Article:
The Annoyance of Forgiveness by Debora M. Coty
Debora M. Coty is an inspirational humorist, popular speaker, and award-winning author of 13 books, including More Beauty, Less Beast: Transforming Your Inner Ogre, and Too Blessed to be Stressed. Deb lives and loves in central Florida with her husband Chuck and her pooch Fenway.
The Annoyance of Forgiveness
by Debora M. Coty
Why on earth would that woman want a meeting with me? I hung up the phone, puzzled. Maureen had long been dissing me, ignoring my phone calls and e-mails, walking past me at church like I was invisible, snubbing invitations to my local book events and speaking engagements. She’d disagreed with nearly everything I said or did for the past ten years.
And now she wanted to take me to lunch? Go figure.
I felt completely justified arming my inner guard with an attitude Uzi as we sat across a cozy table from one another and ordered salads. I was prepared for her attack.
When the server left, Maureen took a sip of water and then, of all unexpected things, teared up. To my absolute flabbergastation, she confessed that she had treated me badly because as a wannabe author, she’d been jealous of my writing success.
Then the air was completely sucked out of my guts when she quietly added, “I’d like to ask for your forgiveness.”
What? I screamed inwardly. You want my forgiveness? Forget it, Sugar. You hurt my feelings so many times I’ve lost count. You don’t deserve forgiveness!
My knee-jerk reaction shocked me. Wasn’t I a Christ-follower? Didn’t Christ himself say, “Forgive anyone you are holding a grudge against, so that your Father in heaven will forgive your sins, too”? (MARK 11:25, NLT).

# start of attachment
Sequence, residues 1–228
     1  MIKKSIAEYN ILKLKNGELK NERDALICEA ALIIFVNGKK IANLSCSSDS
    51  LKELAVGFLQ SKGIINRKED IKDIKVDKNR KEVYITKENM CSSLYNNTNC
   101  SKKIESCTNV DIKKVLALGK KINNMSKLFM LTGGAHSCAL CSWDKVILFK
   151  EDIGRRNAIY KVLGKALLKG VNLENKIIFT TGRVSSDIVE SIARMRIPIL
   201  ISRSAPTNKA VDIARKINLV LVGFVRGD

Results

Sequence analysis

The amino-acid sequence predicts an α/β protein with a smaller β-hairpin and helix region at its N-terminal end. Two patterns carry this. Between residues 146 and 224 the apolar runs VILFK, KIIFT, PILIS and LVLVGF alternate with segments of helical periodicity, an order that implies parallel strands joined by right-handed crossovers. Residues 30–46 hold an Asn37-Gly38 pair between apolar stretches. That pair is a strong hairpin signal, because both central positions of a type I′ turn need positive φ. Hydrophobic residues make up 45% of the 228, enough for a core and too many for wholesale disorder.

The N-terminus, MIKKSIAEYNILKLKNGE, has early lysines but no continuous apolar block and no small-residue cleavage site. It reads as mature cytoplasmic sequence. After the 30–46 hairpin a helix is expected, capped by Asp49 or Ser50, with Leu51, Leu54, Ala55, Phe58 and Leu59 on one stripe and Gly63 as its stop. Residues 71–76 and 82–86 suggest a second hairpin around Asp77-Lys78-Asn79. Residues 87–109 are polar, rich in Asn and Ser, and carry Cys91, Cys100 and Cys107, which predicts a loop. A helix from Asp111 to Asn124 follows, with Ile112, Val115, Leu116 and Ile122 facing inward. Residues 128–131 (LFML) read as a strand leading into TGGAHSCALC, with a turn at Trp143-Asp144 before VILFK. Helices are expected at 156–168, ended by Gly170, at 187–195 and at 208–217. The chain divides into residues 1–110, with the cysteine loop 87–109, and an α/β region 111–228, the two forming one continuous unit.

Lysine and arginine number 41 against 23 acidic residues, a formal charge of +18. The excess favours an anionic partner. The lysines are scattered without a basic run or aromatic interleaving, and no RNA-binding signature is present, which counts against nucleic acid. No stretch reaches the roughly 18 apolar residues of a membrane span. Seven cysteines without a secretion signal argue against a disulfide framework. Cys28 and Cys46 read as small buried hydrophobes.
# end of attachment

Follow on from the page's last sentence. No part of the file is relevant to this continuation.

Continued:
But forgiveness doesn’t come naturally in our revenge-glorified world. Because it’s often impossible without the Holy Spirit’s intervention, and because we feed off the power of one-upping someone who did us wrong, forgiving and accepting forgiveness are unique qualities in today’s society. Even among Christians.
I was stunned to realize that I really didn’t want to forgive Maureen. I felt comfortable in my long-term grudge state and was actually annoyed that she threw this surprise twist in our relationship. But I was supposed to forgive her, wasn’t I? It was the Jesus thing to do. Even if I didn’t feel forgiveness in my heart, I could state it with my lips and pray that my heart would follow.
Sometimes it’s hard to remember that how we feel has nothing to do with forgiveness. We forgive as an act of the will, because God commands us to, not because of feelings. If we wait to feel like it, we’ll never forgive anybody.
The act of forgiveness enables God to perform a mysterious and profound work of grace in us. The healing process begins – first inwardly, in our own heart, then outwardly, in the broken relationship with our offender. As we release others from the hurt they’ve caused us, our own hurt is released. Anger stops holding us prisoner. Resentment no longer corrodes our intimacy with God.
And you know what? After I forgave Maureen verbally that day, I eventually did feel that grudge boulder begin to crumble. It wasn’t overnight; it was a process, but crumble it did.
Are there any grudge boulders inside of you that need to be obliterated?